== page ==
25. UML associations • Objects and object classes participate in relationships with other objects and object classes • In the UML, a generalised relationship is indicated by an association • Associations may be annotated with information that describes the association • Associations are general but may indicate that an attribute of an object is an associated object or that a method relies on an associated object

  26. An association model

  27. Concurrent objects • The nature of objects as self-contained entities make them suitable for concurrent implementation • The message-passing model of object communication can be implemented directly if objects are running on separate processors in a distributed system

  28. Servers and active objects • Servers. • The object is implemented as a parallel process (server) with entry points corresponding to object operations. If no calls are made to it, the object suspends itself and waits for further requests for service • Active objects • Objects are implemented as parallel processes and the internal object state may be changed by the object itself and not simply by external calls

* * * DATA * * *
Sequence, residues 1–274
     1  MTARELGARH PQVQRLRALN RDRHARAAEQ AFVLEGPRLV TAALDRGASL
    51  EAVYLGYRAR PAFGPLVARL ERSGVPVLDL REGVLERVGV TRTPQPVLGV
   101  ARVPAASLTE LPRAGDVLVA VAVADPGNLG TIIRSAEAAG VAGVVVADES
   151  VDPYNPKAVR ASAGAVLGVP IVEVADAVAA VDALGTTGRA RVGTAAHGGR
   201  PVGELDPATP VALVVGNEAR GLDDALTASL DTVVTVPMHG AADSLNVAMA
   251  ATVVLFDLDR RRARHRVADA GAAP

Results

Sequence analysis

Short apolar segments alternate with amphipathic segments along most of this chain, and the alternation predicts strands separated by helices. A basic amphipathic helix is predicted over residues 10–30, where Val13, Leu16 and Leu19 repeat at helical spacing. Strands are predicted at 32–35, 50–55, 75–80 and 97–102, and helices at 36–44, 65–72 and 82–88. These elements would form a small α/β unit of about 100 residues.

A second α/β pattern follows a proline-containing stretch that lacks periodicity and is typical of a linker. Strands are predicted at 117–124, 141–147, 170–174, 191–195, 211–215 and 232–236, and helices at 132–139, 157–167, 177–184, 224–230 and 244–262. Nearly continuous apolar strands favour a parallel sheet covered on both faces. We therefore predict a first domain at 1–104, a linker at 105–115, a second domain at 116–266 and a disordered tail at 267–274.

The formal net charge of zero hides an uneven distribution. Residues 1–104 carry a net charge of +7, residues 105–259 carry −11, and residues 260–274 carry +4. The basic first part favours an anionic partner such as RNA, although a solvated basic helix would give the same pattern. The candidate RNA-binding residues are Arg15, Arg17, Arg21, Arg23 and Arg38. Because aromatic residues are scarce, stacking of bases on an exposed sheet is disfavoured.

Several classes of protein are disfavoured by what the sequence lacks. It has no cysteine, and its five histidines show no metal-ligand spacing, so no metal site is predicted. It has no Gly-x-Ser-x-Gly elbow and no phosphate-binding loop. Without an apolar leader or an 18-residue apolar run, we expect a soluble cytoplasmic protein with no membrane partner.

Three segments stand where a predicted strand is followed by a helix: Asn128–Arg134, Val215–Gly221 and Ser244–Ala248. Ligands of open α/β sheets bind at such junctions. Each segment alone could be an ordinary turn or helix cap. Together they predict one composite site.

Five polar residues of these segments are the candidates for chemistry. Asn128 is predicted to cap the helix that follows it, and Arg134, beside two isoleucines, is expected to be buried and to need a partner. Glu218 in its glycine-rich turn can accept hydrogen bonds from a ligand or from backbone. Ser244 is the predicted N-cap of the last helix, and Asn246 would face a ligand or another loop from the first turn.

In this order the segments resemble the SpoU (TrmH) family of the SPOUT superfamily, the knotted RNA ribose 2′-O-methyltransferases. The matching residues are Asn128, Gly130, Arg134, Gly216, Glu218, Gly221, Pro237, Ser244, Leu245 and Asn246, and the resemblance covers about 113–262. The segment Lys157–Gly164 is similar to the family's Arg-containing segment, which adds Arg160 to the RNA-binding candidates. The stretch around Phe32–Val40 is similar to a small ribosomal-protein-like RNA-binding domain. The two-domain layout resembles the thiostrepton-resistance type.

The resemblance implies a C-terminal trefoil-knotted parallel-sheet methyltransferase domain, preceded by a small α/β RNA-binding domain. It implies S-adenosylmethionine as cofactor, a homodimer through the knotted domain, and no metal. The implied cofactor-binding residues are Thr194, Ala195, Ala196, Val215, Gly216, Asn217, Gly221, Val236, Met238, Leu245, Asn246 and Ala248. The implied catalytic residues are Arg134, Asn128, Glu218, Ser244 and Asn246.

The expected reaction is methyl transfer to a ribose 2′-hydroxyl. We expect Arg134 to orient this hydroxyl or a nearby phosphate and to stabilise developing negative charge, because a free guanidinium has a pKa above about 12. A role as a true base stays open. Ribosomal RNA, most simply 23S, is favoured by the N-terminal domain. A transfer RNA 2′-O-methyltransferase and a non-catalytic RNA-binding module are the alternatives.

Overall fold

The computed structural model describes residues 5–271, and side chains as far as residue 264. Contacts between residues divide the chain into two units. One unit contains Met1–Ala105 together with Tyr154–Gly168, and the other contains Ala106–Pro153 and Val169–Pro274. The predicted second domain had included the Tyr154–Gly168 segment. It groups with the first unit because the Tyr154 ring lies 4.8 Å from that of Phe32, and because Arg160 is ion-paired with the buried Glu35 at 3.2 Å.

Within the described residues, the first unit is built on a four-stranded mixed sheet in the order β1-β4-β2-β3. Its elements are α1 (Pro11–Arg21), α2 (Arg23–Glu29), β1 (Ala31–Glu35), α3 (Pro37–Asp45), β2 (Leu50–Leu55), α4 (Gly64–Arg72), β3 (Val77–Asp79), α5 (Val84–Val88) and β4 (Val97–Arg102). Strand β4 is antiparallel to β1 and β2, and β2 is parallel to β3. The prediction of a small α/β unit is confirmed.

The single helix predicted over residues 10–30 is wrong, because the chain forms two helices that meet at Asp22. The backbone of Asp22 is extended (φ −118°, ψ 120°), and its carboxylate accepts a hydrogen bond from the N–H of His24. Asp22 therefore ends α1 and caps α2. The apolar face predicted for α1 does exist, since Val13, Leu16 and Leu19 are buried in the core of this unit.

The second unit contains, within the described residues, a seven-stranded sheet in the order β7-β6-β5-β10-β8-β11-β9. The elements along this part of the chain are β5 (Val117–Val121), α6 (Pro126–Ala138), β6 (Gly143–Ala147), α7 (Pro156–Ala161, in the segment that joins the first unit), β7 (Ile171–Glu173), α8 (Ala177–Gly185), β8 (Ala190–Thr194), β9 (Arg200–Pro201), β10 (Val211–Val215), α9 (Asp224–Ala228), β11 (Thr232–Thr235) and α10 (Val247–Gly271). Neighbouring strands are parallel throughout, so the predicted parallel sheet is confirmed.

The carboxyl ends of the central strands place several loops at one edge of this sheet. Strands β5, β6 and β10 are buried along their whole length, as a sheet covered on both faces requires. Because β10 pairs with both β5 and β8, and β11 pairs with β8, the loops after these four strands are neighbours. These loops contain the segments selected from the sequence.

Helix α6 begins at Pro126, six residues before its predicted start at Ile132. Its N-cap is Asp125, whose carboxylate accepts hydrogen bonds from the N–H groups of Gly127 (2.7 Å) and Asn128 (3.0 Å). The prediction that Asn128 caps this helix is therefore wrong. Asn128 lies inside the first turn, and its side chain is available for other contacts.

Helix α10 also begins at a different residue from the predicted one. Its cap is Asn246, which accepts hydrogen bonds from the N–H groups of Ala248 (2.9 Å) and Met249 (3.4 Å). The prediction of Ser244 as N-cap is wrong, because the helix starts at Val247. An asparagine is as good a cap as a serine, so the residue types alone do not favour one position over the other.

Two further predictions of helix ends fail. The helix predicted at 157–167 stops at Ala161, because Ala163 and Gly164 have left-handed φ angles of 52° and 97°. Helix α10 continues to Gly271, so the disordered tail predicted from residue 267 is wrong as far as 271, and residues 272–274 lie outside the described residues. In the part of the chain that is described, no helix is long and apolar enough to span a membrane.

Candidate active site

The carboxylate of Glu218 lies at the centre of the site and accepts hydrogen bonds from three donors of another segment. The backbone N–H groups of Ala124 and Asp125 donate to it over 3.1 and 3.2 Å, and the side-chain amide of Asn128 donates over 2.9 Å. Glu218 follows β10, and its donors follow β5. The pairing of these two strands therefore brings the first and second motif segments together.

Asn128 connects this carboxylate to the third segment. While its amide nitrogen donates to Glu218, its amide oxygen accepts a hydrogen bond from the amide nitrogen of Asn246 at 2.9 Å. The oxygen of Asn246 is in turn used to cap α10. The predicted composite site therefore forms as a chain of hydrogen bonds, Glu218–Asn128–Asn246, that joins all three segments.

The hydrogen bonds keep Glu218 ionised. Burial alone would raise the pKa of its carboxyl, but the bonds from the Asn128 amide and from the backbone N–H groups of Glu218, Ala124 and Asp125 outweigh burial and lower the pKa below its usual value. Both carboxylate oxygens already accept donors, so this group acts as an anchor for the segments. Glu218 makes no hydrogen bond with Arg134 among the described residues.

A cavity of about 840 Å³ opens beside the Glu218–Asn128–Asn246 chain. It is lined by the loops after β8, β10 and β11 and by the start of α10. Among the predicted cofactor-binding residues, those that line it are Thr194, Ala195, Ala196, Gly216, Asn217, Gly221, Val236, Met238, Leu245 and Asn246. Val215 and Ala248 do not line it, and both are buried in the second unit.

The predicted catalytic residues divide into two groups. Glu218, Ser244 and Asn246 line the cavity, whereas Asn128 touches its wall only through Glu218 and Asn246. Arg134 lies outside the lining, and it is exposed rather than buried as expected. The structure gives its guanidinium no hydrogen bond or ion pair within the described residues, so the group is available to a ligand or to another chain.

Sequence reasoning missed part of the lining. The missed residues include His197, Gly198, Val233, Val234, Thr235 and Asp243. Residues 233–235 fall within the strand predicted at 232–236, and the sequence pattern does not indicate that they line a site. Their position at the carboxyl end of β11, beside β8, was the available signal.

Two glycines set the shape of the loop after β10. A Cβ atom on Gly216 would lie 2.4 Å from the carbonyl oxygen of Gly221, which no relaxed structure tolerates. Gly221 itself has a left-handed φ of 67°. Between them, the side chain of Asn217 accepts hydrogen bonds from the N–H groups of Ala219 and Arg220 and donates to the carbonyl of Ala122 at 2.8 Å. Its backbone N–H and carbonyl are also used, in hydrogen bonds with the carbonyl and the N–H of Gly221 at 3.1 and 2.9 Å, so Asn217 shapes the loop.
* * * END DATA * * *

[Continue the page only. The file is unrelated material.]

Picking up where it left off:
29. Active transponder object • Active objects may have their attributes modified by operations but may also update them autonomously using internal operations • Transponder object broadcasts an aircraft’s position. The position may be updated using a satellite positioning system. The object periodically update the position by triangulation from satellites

  30. An active transponder object

  31. Java threads • Threads in Java are a simple construct for implementing concurrent objects • Threads must include a method called run() and this is started up by the Java run-time system • Active objects typically include an infinite loop so that they are always carrying out the computation